Viruses often tend to be overlooked in microbiological surveys of the built environment. This is because they don’t show up in either culture-based methods (which are specific to bacteria or fungi) or the commonly employed newer technique of ribosomal RNA sequencing (because viruses don’t have ribosomes). Even in metagenomic analyses where viral sequences are present in high numbers, they are often removed from analysis due to the difficulty of assembling them.
However, the small portion of existing viruses that have been documented so far are known toplay critical roles in everything from human health, to microbial ecology. Some samples show as many as ten-fold more viruses than other microbial types combined.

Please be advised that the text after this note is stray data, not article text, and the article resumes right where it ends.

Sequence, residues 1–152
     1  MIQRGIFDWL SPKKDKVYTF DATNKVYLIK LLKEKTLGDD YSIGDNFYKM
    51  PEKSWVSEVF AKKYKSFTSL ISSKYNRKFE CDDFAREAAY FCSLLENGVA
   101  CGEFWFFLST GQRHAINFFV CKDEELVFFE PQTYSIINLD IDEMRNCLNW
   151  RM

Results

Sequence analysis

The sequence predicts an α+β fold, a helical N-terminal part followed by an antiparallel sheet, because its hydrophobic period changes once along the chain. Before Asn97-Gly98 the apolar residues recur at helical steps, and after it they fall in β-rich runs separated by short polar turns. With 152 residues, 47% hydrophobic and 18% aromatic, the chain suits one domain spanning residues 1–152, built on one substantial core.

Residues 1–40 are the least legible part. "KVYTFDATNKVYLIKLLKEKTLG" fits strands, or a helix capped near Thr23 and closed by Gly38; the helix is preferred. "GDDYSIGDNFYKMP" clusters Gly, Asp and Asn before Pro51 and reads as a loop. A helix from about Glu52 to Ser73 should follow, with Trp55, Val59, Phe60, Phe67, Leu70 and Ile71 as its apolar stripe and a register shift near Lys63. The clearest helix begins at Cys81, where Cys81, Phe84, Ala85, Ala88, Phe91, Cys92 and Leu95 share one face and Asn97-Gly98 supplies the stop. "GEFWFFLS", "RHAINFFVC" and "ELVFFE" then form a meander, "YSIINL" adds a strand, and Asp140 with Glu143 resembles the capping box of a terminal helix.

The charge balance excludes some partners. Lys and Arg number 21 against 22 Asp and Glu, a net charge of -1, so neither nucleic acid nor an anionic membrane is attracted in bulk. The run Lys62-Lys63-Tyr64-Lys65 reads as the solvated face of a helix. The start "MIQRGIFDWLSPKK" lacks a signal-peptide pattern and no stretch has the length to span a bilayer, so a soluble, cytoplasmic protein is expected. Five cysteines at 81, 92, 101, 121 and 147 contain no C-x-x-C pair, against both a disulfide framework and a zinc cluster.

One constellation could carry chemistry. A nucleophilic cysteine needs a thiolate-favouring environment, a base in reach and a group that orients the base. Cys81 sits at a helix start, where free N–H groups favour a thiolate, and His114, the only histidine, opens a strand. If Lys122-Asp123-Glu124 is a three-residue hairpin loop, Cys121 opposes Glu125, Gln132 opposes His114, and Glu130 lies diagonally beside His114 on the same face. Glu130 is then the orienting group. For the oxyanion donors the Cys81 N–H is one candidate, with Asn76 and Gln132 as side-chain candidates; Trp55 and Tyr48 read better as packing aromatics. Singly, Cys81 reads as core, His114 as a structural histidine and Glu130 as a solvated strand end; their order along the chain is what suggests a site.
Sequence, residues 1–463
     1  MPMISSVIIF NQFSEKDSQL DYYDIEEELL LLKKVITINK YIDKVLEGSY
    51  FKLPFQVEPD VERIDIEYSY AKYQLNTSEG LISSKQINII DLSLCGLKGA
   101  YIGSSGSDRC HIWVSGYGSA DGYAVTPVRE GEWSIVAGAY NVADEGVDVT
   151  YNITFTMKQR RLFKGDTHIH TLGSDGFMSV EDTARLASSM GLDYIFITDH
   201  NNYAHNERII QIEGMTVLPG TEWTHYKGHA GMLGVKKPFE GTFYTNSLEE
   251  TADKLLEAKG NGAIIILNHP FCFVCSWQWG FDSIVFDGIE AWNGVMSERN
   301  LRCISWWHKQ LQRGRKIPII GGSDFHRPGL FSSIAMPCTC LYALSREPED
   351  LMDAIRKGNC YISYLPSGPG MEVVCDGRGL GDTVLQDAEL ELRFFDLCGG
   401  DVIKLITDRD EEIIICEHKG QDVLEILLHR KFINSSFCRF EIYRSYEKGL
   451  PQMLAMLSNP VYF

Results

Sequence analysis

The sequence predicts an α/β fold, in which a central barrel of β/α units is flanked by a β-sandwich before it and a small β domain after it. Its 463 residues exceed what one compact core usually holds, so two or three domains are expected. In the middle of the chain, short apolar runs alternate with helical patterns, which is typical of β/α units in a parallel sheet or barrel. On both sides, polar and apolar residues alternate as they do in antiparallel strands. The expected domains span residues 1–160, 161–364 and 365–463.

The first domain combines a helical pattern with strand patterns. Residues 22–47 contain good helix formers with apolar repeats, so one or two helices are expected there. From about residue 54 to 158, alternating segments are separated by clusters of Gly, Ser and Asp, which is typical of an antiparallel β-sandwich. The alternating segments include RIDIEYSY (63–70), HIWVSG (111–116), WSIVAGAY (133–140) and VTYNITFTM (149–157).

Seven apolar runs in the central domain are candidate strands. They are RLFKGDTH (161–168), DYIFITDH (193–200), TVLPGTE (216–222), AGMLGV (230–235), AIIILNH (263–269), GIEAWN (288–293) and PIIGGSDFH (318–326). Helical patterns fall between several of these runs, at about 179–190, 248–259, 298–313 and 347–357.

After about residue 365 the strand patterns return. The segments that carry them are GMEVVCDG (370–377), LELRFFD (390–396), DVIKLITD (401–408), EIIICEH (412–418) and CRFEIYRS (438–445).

A study that came out yesterday attempted to survey viral diversity in raw sewage from three continents. The researchers found 234 known viruses from 26 families. However, the overwhelming majority of sequences were from thousands of unknown viruses, particularly bacteriophage (as has been found in other studies). Those novel viruses that could be classified fell into 51 different families but most sequences were too different from any known viruses to be classified at all.
There’s a lot of work to be done…